This is our last new year’s day in this house. You all know the view. Today we went over to the remaining apartment we have on HK Island and now I can show you the difference in views. It is not pretty. Rural HK spreads out. Urban HK reaches up. I also wanted to test my M9 to see if there were any signs of the sensor corrosion issue that is plaguing Leica’s brand. A brand that sells mediocre digital cameras at a super-premium can not afford this sort of damage. Leica in HK is being more inept than most, telling us several weeks ago that they had no instructions from H.O. on how to deal with the issue. Solms is at least more proactive. And I decided to pit the M9 against my trusty X100s, a camera costing a fraction of the M9. Here are some images from the shoot. First up the Fuji X100s. From the balcony of our apartment.The M9 next – shot from just above street level – no sign of a sensor problem that I can see.Now from street level – M9 again – the signs of incessant renovation that bedevil HK. You can see the green netting behind on the wall where work is being carried out. Owners can not maintain the outside so everything is dealt with by a management company. Here in Tai Koo Shing that means Swires and generally they do a very good job.A few modern buildings are creeping in as the property hotspots on the Island become too expensive. New “affordable” areas extend the catchment area. Office blocks and hotels are appearing fast and that pushes up local property prices. (Hooray!). Our small apartment – about 1,200SF – would cost you close to US$2.7M today. It is madness. HK has a history of boom and bust property cycles but the latest boom has supposedly been about to become a bust for several years and it has not happened. HK wealth is largely built on buying property low and selling (or renting out) high. I can hear Michael Miles asking now: Take the money or open the box? This is in my view the best of the frames – the M9 at its best. That is one of the Star Cruise ships leaving HK, probably a gambling cruise as it seemed to be called Genting. In the bottom right hand corner you can see old decommissioned fire boat The Alexander Grantham (bright red). The spaghetti routes you see carry high volumes of traffic day and night. With the windows closed we hear nothing. But open them and there is a constant drone. Thank goodness I only have to survive two weeks here.Another Fuji shot. Not bad but lacks a bit of punch. I could pump that up in processing. The M9 certainly shows no sign currently of the sensor problem. I am very happy with it. I still rate it as a better camera than the M240, which I bought last year. Expensive mistake. I should have tried the X-T1 today as well. The M9 was armed with a 35mm F1.4 ASPH lens and the total combo new would cost about US$12.5k. The Fuji has a fixed 35mm equivalent lens. Total cost maybe US$1k.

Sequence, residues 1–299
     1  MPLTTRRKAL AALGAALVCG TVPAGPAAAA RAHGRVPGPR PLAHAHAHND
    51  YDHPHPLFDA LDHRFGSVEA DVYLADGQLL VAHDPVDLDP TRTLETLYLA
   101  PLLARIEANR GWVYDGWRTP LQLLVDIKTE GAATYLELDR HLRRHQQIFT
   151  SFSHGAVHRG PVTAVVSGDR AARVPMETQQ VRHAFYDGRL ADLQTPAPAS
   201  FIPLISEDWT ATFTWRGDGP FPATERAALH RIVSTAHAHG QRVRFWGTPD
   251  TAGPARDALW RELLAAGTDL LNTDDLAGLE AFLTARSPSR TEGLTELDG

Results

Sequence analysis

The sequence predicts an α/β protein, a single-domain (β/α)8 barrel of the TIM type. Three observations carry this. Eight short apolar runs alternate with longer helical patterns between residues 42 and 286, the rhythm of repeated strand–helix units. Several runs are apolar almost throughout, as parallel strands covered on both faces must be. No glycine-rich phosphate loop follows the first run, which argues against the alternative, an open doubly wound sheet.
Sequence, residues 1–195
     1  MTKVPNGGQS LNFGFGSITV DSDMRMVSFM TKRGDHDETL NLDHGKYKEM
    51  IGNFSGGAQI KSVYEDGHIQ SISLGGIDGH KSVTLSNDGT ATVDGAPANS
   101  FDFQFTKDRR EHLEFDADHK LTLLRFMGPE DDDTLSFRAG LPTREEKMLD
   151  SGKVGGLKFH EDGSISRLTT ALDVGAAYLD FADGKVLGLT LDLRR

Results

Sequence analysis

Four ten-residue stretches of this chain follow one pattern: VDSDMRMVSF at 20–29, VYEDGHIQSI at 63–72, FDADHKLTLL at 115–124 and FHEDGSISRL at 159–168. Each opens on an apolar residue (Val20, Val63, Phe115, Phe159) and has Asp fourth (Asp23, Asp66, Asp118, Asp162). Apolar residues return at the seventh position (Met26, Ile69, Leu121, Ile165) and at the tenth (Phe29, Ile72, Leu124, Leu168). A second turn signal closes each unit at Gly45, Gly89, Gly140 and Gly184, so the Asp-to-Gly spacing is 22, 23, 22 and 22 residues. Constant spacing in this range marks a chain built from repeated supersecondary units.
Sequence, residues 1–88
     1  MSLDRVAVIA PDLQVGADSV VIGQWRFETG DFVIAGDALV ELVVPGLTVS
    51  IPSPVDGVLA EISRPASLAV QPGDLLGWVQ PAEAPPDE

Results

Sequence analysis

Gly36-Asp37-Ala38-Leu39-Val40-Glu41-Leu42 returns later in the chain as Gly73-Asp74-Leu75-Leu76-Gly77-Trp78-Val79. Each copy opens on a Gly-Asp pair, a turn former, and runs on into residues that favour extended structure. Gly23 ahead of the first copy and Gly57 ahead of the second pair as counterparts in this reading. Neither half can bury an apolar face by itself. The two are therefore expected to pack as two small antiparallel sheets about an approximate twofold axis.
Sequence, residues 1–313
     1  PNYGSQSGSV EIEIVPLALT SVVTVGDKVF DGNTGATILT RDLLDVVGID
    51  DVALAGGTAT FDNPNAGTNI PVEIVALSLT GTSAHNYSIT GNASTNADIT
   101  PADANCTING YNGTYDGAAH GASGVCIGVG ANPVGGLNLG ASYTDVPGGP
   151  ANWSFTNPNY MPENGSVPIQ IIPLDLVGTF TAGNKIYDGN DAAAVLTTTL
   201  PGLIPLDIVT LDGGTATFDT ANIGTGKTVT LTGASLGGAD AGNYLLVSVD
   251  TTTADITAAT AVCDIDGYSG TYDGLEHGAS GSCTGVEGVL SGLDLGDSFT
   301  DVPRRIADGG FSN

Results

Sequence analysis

Is the difference worth the money. Probably not to a hack like me. I think the X-T1 gets me much closer to the M9 – better lenses I suspect rather than better sensor. The Fuji did however win hands down in one important aspect. Sensor dust. The M9 frames needed extensive cleaning in Lightroom. The Fuji with a fixed lens had beautifully clean frames. The digital Leicas attract dust and grime like no other camera I have known. Worse than the Canons and much worse than the Fuji X-T1.
As to views – well TKS can’t compare with Sai Kung. We bought and kept the apartment so Mrs. Ha will have somewhere easy to live in and look after when I die. She could not have maintained the house alone. Now it will function as our HK home when we visit. Not the most exciting start to 2015 but it is a stepping stone to what we hope will be a more peaceful and healthier life in Britain. We shall see.